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the price we pay for love

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1. She dies in his arms. If he moves a certain way, he could see white in the space where her throat has been divided into two. He doesn’t move for hours.

2. She’d told him not to worry, that she’d be okay. The way her body went cold says differently.

3. First time he sees her after that, six months later and still grieving, he thought he’d gone insane. She sees him out of the corner of her eye and before he could call out, she was gone.

4. It was two weeks before she back. Every day when she was alive, she got tea from the same cafe. Lots of milk, two sugars. Her one indulgence to her sweet tooth. He should have known dying wouldn’t keep her from her tea. The scar on her neck was silver and faded so much it was almost gone. Like it had never happened.

5. She comes to him next time. It had been one year since he lost her, and he’d collapsed on a park bench outside the cemetery before ever reaching her grave. She sat next to him, took his hand, and said nothing. By the time the tears stopped, she was gone.

6-9. The next few times she visited, it was as though that moment on the bench never happened. He blinked and she disappeared. They don’t touch again. His hand burned anyway.

10. “You should be dead,” he calls out to her. The street lamp flickers. “Maybe I am,” she replies. And maybe she is. But what ghost appears in multiple places? What ghost visits their own grave? What ghost feels so alive?

11. She passes him on the street. She drops a piece of paper and makes no move to pick it up. She catches his eye and walks away. He grabs the paper. “To give back,” he thinks and doesn’t dwell on why he thinks that.

12. “I’m sorry,” it reads.

13. He finds her next time, tea cup cooling in her hand and early morning light shining off her hair. There is no scar. He places the note in front of her. He doesn’t touch her. He doesn’t think he can live with the pain if his hand passes through her.

14. “Come home,” he wrote back.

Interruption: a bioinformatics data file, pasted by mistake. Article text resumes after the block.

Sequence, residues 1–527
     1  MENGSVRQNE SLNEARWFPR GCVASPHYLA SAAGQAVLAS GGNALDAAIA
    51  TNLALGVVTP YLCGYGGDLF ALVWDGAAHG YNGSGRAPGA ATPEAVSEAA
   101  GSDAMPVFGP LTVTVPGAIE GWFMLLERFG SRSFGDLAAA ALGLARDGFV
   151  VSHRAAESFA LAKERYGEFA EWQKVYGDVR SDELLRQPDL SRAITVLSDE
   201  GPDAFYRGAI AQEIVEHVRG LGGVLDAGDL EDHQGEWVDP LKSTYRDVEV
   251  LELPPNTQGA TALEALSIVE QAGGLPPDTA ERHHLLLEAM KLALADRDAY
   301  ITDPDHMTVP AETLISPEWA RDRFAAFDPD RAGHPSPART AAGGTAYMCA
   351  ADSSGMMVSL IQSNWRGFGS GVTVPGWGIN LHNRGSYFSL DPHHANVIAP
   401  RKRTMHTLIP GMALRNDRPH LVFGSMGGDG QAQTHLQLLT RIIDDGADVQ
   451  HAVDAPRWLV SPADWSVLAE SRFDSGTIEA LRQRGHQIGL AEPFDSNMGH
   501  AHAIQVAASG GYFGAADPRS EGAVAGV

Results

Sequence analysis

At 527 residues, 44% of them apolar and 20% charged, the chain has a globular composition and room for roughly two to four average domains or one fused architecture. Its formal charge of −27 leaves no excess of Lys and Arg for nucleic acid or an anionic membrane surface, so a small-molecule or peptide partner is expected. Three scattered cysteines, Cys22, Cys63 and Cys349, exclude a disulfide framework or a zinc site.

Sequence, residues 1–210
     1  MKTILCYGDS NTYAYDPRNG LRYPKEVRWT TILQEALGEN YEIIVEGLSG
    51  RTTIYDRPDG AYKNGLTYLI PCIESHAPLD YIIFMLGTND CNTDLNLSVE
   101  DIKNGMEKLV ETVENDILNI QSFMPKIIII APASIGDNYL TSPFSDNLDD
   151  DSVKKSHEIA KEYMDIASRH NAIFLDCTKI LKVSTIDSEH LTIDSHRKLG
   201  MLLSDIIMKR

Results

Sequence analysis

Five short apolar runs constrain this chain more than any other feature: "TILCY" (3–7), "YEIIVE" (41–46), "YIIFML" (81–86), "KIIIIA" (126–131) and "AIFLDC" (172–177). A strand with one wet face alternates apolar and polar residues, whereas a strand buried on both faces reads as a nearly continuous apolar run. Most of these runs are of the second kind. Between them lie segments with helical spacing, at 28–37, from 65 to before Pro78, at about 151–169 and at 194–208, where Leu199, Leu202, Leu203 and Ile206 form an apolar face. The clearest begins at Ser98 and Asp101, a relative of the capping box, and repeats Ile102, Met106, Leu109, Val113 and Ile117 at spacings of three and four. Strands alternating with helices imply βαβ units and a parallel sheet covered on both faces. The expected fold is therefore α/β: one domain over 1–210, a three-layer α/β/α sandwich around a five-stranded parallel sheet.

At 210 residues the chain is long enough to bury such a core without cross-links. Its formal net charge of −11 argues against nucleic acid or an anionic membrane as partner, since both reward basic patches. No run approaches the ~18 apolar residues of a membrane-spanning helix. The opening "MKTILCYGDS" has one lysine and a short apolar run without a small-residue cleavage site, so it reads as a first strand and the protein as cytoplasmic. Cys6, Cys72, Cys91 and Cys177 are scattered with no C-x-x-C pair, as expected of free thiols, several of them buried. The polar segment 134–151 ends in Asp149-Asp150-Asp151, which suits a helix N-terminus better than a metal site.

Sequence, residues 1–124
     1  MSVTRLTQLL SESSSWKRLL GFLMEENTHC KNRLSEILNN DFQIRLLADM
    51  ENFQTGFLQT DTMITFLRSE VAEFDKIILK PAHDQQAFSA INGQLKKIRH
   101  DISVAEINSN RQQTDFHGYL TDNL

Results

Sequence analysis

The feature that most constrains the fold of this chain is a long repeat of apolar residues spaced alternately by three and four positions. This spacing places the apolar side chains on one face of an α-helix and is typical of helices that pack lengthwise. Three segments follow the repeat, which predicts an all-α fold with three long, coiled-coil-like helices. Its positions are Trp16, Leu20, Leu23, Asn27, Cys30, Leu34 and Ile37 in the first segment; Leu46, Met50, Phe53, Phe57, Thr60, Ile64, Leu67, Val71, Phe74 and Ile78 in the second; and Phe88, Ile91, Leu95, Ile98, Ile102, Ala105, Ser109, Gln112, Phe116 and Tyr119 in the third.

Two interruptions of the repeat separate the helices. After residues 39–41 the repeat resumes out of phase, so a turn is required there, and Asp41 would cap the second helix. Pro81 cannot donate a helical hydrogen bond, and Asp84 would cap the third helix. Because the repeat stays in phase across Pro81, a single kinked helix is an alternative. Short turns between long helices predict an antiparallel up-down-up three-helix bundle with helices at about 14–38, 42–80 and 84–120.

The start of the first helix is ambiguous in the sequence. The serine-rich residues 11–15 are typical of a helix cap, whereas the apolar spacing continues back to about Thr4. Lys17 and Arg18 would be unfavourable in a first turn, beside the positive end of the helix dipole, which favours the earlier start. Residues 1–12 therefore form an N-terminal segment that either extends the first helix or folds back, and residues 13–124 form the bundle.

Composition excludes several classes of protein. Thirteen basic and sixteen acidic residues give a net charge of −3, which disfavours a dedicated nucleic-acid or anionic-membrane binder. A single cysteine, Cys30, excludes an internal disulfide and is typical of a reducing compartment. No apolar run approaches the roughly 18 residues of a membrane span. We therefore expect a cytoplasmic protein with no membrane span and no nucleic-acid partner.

15. She doesn’t.

16. Another year passes. He makes it to her grave this time. He puts dahlias on the tombstone and stops by her cafe for tea. He hates the taste, always has, but it’s familiar in the same way she used to be. When he gets home, there’s a dahlia on his doormat.

17. Three weeks later, he goes for another tea. He figures between hallucinating her following him and learning to love too sweet tea, this one is at least emotionally healthier.

18. Or it would have been, if she doesn’t start coming back. He tries to will her away, force the delusion from his mind. He focuses on the way the tea warms his hands and is exactly what she drinks, even in death. But it’s not that simple. Now when he looks, she’s drinking black coffee. That was his drink. She hated it, always had. The two sugars don’t mask the bitter taste her tea leaves.

19. “What happened?” “Why did you leave me?” “Are you really back?” “Please be real.”

20. It all goes unsaid.

21. She answers anyway.

22. “I died and came back. It’s happened before and it will happen again.” “I wanted to protect you.” “Yes.” “I am.”

23. The first time he grabs her hand, she cries.

24. The first time they end up in bed, they do nothing but hold each other, press close enough together that the heat from her body soaks into his bones and her legs intertwine with his.

25. He wakes to find her watching him, something more than awe and closer to adoration on her face. She brushes the hair out of his eyes. “To think I almost gave this up." The words are whispered to herself but given freely to him.

26. Later that morning, he’ll realize that the tea’s gone cold and the coffee is long gone. It won’t matter. Her hands will be warm and she’ll taste of sugar and the jagged, bleeding wound on his heart that matched the one on her throat will finally start to fade.